By Tori Richards | Colorado Watchdog
In May 2011, Democratic leaders were looking toward Colorado to help win back the House of Representatives in the upcoming 2012 election.
House Minority Leader Nancy Pelosi and Minority Whip Steny Hoyer found their man in Brandon Shaffer.
He was an unlikely choice — a termed-out state senate president with a propensity for raising taxes and towing the liberal party line, running against an incumbent in the 4th District, a mostly rural district east of Denver to the state line. Shaffer seemed to have a bull’s-eye on his back from the start.
But the Washington insiders seemed certain that their thorough search had identified just the right man.
“We do two, three, four visits to recruit,” Hoyer told the Denver Post last year, adding that Shaffer himself was confident about winning.
What a difference a year makes.
Pelosi and her Democratic Party have left Shaffer twisting in the wind, providing lackluster endorsements and lousy funding. Shaffer’s opponent, incumbent Republican Cory Gardner, now appears unstoppable.
Shaffer has raised just $551,039 compared to Gardner’s $1,818,160. The only contribution he received from his party until June was a $20.84 in-kind payment from the Democratic Congressional Campaign Committee (DCCC) — and that was tagged for Internet development.
Then on June 7, he received a modest $333 from the Boulder County Democratic Party. Two weeks later, the DCCC donated $5,000. But there was still nothing from Pelosi, who meanwhile gave $4,000 each to Sal Pace and Joe Miklosi, Democratic state legislators also running for Congress. Pace has also received an additional $12,000 from various Democratic committees, and Miklosi has received more than $7,000, Federal Election Commission documents showed.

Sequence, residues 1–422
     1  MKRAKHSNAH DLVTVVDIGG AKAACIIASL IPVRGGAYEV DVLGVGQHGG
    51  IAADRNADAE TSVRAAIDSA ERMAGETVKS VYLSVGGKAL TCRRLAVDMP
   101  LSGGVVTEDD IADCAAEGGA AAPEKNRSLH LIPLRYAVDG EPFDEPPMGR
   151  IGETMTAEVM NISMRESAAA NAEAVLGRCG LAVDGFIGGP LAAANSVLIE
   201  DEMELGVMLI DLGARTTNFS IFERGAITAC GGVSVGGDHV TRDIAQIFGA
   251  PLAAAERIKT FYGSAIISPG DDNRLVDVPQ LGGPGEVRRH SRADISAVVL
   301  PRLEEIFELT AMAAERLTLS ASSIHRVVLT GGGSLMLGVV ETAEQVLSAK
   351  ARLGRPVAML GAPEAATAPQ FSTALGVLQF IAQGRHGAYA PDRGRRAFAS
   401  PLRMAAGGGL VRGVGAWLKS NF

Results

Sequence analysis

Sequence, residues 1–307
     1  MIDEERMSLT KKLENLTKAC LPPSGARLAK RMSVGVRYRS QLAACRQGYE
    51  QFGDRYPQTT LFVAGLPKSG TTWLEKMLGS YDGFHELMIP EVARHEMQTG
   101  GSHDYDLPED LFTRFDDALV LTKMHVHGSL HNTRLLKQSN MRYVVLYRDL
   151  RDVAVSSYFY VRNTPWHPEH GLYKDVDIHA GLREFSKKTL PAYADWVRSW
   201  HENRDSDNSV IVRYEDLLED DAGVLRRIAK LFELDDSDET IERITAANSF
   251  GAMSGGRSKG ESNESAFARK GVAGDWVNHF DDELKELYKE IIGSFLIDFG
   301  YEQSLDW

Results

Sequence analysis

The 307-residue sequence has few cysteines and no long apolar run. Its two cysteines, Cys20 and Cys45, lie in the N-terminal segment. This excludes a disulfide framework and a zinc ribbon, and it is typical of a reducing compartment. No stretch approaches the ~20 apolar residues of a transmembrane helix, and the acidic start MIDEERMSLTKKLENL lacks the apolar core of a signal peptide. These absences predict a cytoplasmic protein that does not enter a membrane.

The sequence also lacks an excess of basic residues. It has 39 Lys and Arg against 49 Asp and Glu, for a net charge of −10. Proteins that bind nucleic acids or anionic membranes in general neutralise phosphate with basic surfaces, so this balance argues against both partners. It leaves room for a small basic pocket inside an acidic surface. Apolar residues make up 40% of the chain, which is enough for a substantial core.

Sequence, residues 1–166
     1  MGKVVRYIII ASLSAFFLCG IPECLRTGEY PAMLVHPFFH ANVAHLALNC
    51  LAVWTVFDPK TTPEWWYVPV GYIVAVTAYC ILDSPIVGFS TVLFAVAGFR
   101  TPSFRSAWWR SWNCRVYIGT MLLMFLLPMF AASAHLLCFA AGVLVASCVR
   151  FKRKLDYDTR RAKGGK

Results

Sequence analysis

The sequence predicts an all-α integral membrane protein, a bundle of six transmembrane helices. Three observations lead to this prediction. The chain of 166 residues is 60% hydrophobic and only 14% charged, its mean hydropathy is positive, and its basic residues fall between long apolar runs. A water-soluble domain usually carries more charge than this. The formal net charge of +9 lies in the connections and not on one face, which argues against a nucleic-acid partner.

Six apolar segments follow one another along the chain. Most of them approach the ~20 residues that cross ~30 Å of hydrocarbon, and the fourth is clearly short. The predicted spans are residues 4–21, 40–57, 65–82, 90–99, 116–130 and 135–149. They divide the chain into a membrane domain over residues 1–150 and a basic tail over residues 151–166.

Shaffer has tried to put the best face on his anemic fundraising.
“Since the very beginning this has been a grassroots campaign, and over 3,000 people have invested in Brandon’s campaign,” Shaffer campaign manager Kim Howard said in an email response. “Ninety-seven percent of our contributions come from Colorado individuals. Our campaign is very clearly funded and directed by the people of Colorado. We’ve been able to build a strong campaign because of our generous grassroots supporters.”
Funding is hardly Shaffer’s only problem.
He was shafted by his own party last year when the Democrats won a bitter redistricting battle with Republicans. As part of the compromise, Democrats moved Shaffer’s hometown of Longmont out of the 4th District and into the neighboring district of multimillionaire Democratic congressman Jared Polis.
Shaffer vigorously fought the redistricting while accepting Hoyer’s invitation to run — only to find out six months later that his base of political support now belonged to Polis. His own 4th District was suddenly 56 percent Republican.
If that weren’t enough, Shaffer has made a series of gaffes that have provided great fodder in the press:
- He used a state email account to send out an endorsement for now-Gov. John Hickenlooper.
- He did not include a mandatory disclaimer from the Department of Defense when issuing a campaign email highlighting his military service complete with his photo in a Navy uniform
- The same disclaimer issue cropped up with a TV ad that debuted this week
- When a Denver Post reporter asked about his legislative battle with Republican state lawmakers, he compared himself to rape victims.
His record of voting for tax increases — and, in one case, even working to eliminate a senior-citizen tax break — has been widely criticized.
Still, Shaffer forges ahead with the race. He issued a press release this week that says an internal poll shows him gaining ground on Gardner, and the race tightening to 40 percent to 37 percent.
“The poll also shows Cory Gardner’s negative job rating increasing,” Shaffer claimed. “Nearly half of all voters in the district have a negative view of his performance. This is not surprising given his votes to slash education funding and end Medicare as we know it.
“Possibly the best news from the entire poll is that the more voters learn about my priorities as a veteran and education champion, in contrast to Cory Gardner’s special-interest backed agenda, the more they support me,” Shaffer said in a statement.
Pelosi’s campaign office did not return a call seeking comment.
Contact Tori Richards at email@example.com.